Atormac
Neurology India
menu-bar5 Open access journal indexed with Index Medicus
  Users online: 2278  
 Home | Login 
About Editorial board Articlesmenu-bullet NSI Publicationsmenu-bullet Search Instructions Online Submission Subscribe Videos Etcetera Contact
  Navigate Here 
 Search
 
  
 Resource Links
    Similar in PUBMED
   Search Pubmed for
   Search in Google Scholar for
    Article in PDF (315 KB)
    Citation Manager
    Access Statistics
    Reader Comments
    Email Alert *
    Add to My List *
* Registration required (free)  

 
  In this Article
   References

 Article Access Statistics
    Viewed1934    
    Printed180    
    Emailed0    
    PDF Downloaded143    
    Comments [Add]    

Recommend this journal

 


 
Table of Contents    
EDITORIAL
Year : 2010  |  Volume : 58  |  Issue : 6  |  Page : 823-824

The role of single photon emission computed tomography scan in the diagnosis of dementia


Cognition and Behavioral Neurology Section, Department of Neurology, Sree Chitra Tirunal Institute for Medical Sciences and Technology, Trivandrum, India

Date of Web Publication10-Dec-2010

Correspondence Address:
P S Mathuranath
Cognition and Behavioral Neurology Section, Department of Neurology, Sree Chitra Tirunal Institute for Medical Sciences and Technology (SCTIMST), Trivandrum - 695 011
India
Login to access the Email id

Source of Support: None, Conflict of Interest: None


DOI: 10.4103/0028-3886.73734

Rights and Permissions



How to cite this article:
Mathuranath P S. The role of single photon emission computed tomography scan in the diagnosis of dementia. Neurol India 2010;58:823-4

How to cite this URL:
Mathuranath P S. The role of single photon emission computed tomography scan in the diagnosis of dementia. Neurol India [serial online] 2010 [cited 2019 Aug 25];58:823-4. Available from: http://www.neurologyindia.com/text.asp?2010/58/6/823/73734


Accurate subtyping of the dementia in the initial couple of years after its onset is the most important initial step in the management of dementia, but is often a challenge. In most instances it requires the expertise of an experienced cognitive neurologist with supportive ancillary investigations, such as detailed neuropsychological tests, which may not be always easily available. Thus it often requires an established setup going beyond the purview of general neurology. Given this situation, any other valid investigation that would assist the clinician in the process of typing the dementia would be welcome. In this issue of the journal Tripathi and colleagues [1] report in a well-conducted study the role of visual analysis of Single Photon Emission Computed Tomography (SPECT) in the diagnosis of different types of dementia, at about two and a half years from the onset of the disease, and estimate its validity against the diagnosis made clinically. Although the clinical profile of frontotemporal dementia (FTD) can be more easily differentiated from that of Alzheimer's disease (AD), it is often difficult to clinically distinguish AD from dementia with Lewy bodies (DLB), in the early stages of the disease, when amnesia is the feature in the forefront in both the conditions, and visual hallucination or  Parkinsonism More Details might not yet have set in, in DLB.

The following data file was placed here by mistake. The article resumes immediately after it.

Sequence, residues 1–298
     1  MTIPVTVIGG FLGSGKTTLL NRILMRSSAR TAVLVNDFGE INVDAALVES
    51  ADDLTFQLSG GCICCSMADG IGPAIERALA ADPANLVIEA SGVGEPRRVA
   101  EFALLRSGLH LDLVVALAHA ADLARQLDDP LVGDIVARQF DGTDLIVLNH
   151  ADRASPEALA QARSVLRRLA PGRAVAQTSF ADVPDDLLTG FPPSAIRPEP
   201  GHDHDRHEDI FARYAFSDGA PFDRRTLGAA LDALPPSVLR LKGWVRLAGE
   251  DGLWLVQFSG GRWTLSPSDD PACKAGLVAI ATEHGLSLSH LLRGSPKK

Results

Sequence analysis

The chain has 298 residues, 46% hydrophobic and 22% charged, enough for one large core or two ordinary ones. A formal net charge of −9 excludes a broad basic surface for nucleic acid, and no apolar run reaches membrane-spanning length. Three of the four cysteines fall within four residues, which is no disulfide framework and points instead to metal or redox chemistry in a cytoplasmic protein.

Although the authors have used the older terminology of diffuse Lewy body disease for DLB, they have used fairly well-characterized criteria for the SPECT diagnosis of AD, FTD, DLB and vascular dementia. In addition, the gender distribution, the duration of symptoms and the mini mental status examination scores of all the three groups of AD, FTD and DLB are well matched, suggesting that the validity is being established in a well-matched group of dementia subjects. The authors go on to demonstrate a fairly high sensitivity and specificity of SPECT in the diagnosis of AD and FTD. They also go on to show a high positive predictive value of SPECT thereby suggesting that there is a low false-positive rate. The study could have been further strengthened if the authors had demonstrated that the different groups of dementia were also matched on a measure of the severity of dementia such as Clinical dementia rating. One of the other limitations of the study is that the diagnostic accuracy is rated against the clinical diagnosis. However, it is interesting to note that their sensitivity figures for AD and FTD are somewhat comparable to the sensitivity of SPECT determined against the pathological diagnosis by Mc Neill et al. [2]

 
  References Top

1.Tripathi M, Tripathi M, Vibha D, Gowda N, Bal C, Malhotra A. Tc-99m ethylcysteinate dimer SPECT in the differential diagnosis of dementias. Neurol India 2010;58:857-62.  Back to cited text no. 1
  Medknow Journal  
2.McNeill R, Sare GM, Manoharan M, Testa HJ, Mann DM, Neary D, et al. Accuracy of single-photon emission computed tomography in differentiating frontotemporal dementia from Alzheimer's disease. J Neurol Neurosurg Psychiatry 2007;78:350-5.  Back to cited text no. 2
[PUBMED]  [FULLTEXT]  




 

Top
Print this article  Email this article
   
Online since 20th March '04
Published by Wolters Kluwer - Medknow